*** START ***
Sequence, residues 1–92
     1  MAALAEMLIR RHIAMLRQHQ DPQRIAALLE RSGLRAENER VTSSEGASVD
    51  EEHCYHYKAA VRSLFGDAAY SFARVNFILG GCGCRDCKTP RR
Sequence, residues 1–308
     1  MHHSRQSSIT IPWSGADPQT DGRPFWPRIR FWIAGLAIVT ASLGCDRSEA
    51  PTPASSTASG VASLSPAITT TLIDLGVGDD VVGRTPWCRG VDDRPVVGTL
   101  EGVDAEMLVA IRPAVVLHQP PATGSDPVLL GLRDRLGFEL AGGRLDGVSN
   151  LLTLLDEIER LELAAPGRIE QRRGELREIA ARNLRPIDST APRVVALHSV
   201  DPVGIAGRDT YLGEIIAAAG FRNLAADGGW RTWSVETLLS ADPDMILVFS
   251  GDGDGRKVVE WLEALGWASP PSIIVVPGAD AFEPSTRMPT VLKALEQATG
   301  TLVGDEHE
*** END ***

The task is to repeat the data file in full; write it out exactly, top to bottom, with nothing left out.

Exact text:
Sequence, residues 1–92
     1  MAALAEMLIR RHIAMLRQHQ DPQRIAALLE RSGLRAENER VTSSEGASVD
    51  EEHCYHYKAA VRSLFGDAAY SFARVNFILG GCGCRDCKTP RR
Sequence, residues 1–308
     1  MHHSRQSSIT IPWSGADPQT DGRPFWPRIR FWIAGLAIVT ASLGCDRSEA
    51  PTPASSTASG VASLSPAITT TLIDLGVGDD VVGRTPWCRG VDDRPVVGTL
   101  EGVDAEMLVA IRPAVVLHQP PATGSDPVLL GLRDRLGFEL AGGRLDGVSN
   151  LLTLLDEIER LELAAPGRIE QRRGELREIA ARNLRPIDST APRVVALHSV
   201  DPVGIAGRDT YLGEIIAAAG FRNLAADGGW RTWSVETLLS ADPDMILVFS
   251  GDGDGRKVVE WLEALGWASP PSIIVVPGAD AFEPSTRMPT VLKALEQATG
   301  TLVGDEHE